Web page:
What’s particularly impressive is the strength of the album as a whole. It has eight tracks that all seem to be written with the same energy, the same inspiration, and the same attention to detail, with perhaps the only exception being #5, Kuin öinen meri. Riffs and chord progressions differ and shine from song to song. Each one is focused and well-defined from beginning to end. I like the digestible 46-minute length. It maintains a high-energy tempo nearly throughout but doesn’t ever become monotonous due to their mastery of semi-frequent changes. They employ timely lulls, builds and drops, as well as nice aural accents (perhaps done on keyboard) such as the tambourine that sounds like boot spurs on Pohjolan tytär, sounds of horses, or other such ambient flourishes used sparingly and tastefully on a few tracks. Reverb is used to nice effect to add depth and “epic” power where it counts. The vocals switch regularly from yelled, melodious chants to guttural rasping in classic pagan metal style, keeping the listener’s interest. The vocals are superbly mixed, placed in front to “lead the pack” on certain songs and buried on others to match the appropriate ambiance.
The first four tracks make an impressive suite of songs threaded together with an energy that never falters. The last two tracks run longer, reaching the eight to nine minute mark. They please with the same epicness of sound as the rest of the album but with a hint of romanticism and wistfulness, not to mention some of the most killer riffs, making them noteworthy finales. Highlights for me are the aforementioned Pohjolan tytär (#4) and Vähiin päivät käy (#7).
My only complaint is that I wouldn’t have minded some more innovative solos from the lead guitar. The riffs are all consistently good but the solos themselves are pretty standard. Overall, the lead guitar doesn’t make any significant departures from the ensemble. This is a shame because the guitar is an instrument endowed with an emotive voice and thus is capable of truly transporting the listener. The solo in metal is like the holy grail – it’s the moment and opportunity for a song to transcend itself. The opportunity isn’t seized on this album. But this complaint is a minor one.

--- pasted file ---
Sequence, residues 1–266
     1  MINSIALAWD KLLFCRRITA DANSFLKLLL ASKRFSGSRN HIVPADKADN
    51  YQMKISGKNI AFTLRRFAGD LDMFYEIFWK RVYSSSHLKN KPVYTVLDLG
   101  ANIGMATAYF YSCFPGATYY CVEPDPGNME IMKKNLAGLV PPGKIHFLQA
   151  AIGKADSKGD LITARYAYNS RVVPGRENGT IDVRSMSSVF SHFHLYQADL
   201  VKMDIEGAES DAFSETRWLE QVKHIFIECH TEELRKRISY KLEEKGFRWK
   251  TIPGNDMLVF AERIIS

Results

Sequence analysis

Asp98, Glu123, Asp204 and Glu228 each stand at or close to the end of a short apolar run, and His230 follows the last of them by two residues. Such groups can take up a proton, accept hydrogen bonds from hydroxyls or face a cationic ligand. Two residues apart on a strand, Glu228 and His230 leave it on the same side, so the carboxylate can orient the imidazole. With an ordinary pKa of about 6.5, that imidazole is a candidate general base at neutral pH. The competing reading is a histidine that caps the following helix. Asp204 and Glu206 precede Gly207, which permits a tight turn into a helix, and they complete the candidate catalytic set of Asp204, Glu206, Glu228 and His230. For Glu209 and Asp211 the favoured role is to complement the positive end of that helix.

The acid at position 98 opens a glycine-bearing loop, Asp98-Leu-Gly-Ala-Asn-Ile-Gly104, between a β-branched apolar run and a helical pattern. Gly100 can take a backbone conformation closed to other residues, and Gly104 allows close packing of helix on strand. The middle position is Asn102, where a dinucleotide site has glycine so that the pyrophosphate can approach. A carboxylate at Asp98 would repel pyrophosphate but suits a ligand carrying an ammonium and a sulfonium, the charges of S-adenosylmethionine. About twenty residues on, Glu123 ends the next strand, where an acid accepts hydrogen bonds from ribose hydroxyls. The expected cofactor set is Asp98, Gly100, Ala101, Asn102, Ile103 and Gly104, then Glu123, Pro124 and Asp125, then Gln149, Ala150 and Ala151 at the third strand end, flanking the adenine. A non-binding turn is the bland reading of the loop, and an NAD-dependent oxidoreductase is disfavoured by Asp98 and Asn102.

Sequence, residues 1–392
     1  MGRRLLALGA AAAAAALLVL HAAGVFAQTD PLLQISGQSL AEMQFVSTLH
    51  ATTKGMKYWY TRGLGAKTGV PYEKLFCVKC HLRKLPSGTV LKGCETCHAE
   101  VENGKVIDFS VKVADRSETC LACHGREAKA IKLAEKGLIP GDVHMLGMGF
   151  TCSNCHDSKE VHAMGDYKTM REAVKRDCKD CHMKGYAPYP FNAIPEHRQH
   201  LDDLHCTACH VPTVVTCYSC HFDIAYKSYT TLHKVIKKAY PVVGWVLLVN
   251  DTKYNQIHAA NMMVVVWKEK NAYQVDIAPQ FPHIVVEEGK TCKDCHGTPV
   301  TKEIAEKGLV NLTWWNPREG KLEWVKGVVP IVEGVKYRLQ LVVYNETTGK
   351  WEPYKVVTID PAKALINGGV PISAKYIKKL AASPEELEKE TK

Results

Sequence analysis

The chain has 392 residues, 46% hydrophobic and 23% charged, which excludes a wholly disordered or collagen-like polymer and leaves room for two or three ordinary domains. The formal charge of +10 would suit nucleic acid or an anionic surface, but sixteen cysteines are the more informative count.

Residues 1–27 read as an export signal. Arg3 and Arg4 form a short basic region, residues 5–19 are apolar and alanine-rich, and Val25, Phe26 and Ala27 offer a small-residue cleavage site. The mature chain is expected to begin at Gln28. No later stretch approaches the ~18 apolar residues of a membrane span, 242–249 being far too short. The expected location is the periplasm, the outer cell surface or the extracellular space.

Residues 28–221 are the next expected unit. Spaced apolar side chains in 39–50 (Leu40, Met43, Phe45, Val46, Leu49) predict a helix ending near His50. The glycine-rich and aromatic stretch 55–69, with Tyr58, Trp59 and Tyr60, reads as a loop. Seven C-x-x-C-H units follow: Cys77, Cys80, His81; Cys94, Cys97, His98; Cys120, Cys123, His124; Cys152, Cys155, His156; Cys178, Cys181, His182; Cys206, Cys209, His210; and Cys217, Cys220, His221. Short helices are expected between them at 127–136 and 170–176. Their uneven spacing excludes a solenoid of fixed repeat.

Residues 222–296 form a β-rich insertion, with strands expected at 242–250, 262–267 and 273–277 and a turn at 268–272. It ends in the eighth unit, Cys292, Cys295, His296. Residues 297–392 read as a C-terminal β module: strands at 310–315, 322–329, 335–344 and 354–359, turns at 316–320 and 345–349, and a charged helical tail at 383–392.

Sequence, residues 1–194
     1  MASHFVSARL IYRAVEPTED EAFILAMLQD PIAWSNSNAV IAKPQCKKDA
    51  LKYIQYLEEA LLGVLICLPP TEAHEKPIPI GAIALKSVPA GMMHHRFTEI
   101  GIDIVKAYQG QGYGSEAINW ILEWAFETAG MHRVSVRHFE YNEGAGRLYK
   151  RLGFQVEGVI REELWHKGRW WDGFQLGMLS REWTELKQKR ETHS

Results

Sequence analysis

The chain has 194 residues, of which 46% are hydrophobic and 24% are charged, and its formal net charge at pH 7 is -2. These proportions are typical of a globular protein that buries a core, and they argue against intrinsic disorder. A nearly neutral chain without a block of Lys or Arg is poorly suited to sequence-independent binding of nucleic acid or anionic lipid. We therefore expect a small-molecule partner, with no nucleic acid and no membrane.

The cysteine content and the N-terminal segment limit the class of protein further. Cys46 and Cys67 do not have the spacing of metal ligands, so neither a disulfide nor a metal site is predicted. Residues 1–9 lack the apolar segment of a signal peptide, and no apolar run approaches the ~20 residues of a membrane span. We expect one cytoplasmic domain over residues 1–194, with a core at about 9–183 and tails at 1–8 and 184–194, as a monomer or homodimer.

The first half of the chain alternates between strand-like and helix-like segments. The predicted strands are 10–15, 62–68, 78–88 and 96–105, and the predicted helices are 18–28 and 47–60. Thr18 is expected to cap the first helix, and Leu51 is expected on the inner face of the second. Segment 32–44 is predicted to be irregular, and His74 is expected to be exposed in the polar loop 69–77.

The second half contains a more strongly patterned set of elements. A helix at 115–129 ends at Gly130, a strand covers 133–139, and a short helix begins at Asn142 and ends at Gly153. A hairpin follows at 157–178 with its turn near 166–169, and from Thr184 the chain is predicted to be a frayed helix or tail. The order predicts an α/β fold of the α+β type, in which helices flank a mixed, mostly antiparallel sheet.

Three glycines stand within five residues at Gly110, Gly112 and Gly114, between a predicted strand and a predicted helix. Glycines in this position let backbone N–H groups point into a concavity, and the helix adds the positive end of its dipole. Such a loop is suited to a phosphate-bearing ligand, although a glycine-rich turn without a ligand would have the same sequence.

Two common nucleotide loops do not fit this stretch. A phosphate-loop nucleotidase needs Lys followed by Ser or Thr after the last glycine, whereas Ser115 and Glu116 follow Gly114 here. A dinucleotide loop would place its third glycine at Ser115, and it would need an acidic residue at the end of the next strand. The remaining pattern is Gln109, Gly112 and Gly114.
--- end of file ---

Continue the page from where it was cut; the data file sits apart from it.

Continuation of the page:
Both the musicianship and the production are high quality, though neither use any new tricks. There’s nothing out of the box here and yet the album is a triumph. It keeps a nice pace, building momentum and sustaining it admirably in ways that even Moonsorrow and Enslaved do not. Songwriting is tight and polished. Though I don’t know the meaning of the lyrics, the sound conveys the feeling of going to battle for that which is most dear, a concept that is never too far from the human heart. But considering the title’s translation – languish, thy war of my heart (as it is given on the metal-archives.com page) – it may equally be a quest for peace. Or, does it suggest and lament inner conflict? This theory would be supported by the likeness and symmetry of the two figures on the cover. In any case, the idea of summoning the resolve and the strength to put conflict to rest is one that charms us through the ages. Today we are no less confronted with the need to defend our dearest values, even if the battle we’re called to is an ideological one and not about wielding a sword. And I suppose it’s this very romanticization of the age-old battle that can also make us feel silly at times for listening to epic viking metal from the comfort of our modern homes. But then again, when it’s executed as well as Havukruunu, who the hell cares?